Inside the Achieves: Atkinson’s life from Georgia to China

Published 6:16 pm Tuesday, March 26, 2019

By Robin Brown
Archives Assistant at Bradshaw-Chambers Library

Among Virginia Atkinson’s final words were, “I want to go back to China.”

The aged missionary, weakened and ailing, wanted to return to the land and the people who had become hers. For more than 56 years, she served in China.

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Although she never married, her surname changed to “Kyung,” a common Chinese name which means gold. Not having a family of her own, she became “Mother Gold” to three generations of boys and girls that she taught and mentored.

She wished for her ashes to rest in China, but her life began on the other side of world. Born in Talbot County, Georgia in 1861, she was sent to live with cousins in 1869. A lonely eight-year-old girl was welcomed into the home of her first cousin, Lucretia Atkinson Randle and her husband Fountain P. Randle, in Rock Mills, Alabama.

In 1878, she attended LaGrange Female College, affiliated with the Methodist Church. Graduating in 1880, she became a teacher at the school in Rock Mills, where she had been a student only a few years earlier. A call for missionaries published in a Methodist newspaper stirred her heart. In June 1884, Jennie Atkinson was consecrated as a missionary by the Methodist Episcopal Church South. By October she was crossing the Pacific Ocean along with a small contingent of fellow missionaries.

On Nov. 8, 1884, she spent her 23rd birthday sightseeing in Japan. Eager and astute, she learned Chinese by moving her feet to the rhythm of the language. Although her methods were unconventional, she surpassed her peers in her grasp of the language. She began teaching music and calisthenics in the Methodist school that offered free tuition to its students. She encouraged families to send their daughters to school where they could learn a skill and hear the gospel. To that end, she helped establish a women’s industrial school.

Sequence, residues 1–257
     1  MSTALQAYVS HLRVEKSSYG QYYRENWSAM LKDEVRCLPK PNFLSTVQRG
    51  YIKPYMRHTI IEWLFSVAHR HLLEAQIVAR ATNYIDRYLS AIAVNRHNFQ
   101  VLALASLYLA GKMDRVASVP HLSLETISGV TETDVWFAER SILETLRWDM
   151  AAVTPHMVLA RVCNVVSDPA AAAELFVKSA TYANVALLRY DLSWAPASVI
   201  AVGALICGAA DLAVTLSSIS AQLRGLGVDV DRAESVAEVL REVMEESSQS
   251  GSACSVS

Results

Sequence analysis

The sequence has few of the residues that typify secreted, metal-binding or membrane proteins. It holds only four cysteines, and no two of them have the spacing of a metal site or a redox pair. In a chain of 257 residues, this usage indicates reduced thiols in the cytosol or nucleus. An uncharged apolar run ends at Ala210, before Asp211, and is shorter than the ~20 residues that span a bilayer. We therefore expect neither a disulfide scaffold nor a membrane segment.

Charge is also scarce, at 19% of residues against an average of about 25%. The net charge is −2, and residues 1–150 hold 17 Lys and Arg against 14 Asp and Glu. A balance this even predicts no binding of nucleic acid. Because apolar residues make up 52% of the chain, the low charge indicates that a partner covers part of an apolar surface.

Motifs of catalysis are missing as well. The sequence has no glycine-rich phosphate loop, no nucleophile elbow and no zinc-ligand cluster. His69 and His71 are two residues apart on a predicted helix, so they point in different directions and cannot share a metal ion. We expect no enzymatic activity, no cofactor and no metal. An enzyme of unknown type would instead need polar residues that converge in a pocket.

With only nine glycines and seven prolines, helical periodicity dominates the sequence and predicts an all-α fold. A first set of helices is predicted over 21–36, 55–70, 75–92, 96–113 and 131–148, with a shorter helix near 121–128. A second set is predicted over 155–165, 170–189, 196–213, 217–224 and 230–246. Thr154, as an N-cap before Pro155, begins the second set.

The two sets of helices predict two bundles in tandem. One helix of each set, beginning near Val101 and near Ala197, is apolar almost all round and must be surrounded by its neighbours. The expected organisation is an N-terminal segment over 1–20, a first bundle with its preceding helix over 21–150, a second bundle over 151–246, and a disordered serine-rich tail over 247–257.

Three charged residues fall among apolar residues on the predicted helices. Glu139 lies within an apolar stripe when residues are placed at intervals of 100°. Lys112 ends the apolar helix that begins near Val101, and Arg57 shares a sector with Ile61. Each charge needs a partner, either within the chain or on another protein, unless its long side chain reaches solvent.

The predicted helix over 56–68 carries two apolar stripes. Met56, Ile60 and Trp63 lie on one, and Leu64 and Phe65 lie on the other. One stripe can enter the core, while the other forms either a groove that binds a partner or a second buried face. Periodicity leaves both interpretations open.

Her years in China were not easy. When anti-foreign sentiment erupted into the Boxer Rebellion, 150 missionaries and thousands of Chinese Christians were murdered. Jennie Atkinson and her fellow missionaries survived, staying in China as long as possible before fleeing briefly to Japan. By January 1901, she had returned to China. Ten years after beginning her work, Jennie Atkinson had helped found the Atkinson School for Boys and the Davidson Girls School. She modernized the curriculum and established the first kindergartens.

Writing to Randle family relatives, Jennie Atkinson’s letters from the 1920s and1930s are available for research at Cobb Memorial Archives. A letter dated Nov. 20, 1931 revealed that “Miss Gold” was honored on her seventieth birthday with a grand celebration from her friends and former students. They started a fund to build a home for her in her old age and presented her with a colorful enamel plaque with the words “Better than all the mothers” written in gold.

Although Miss Atkinson admitted that life in China had not been without its hardships, she wrote her relatives that “I love it and would not be willing to change with anybody.”

She remained in China until her health and the political situation forced her to return to the United States. She died on Dec. 11, 1941, unaware of the attack on Pearl Harbor and still longing to return to those who knew her as “Mother Gold.”

To learn more about the life stories of extraordinary women whose memories are preserved at Cobb Memorial Archives, please consider attending a Lunch N Learn on “Local Women in History” at the LaFayette Pilot Library on March 29. Lunch will begin at 12:30 ET and the program at 1 p.m. ET.

To make a reservation, call the LaFayete Library at (334) 864-0012.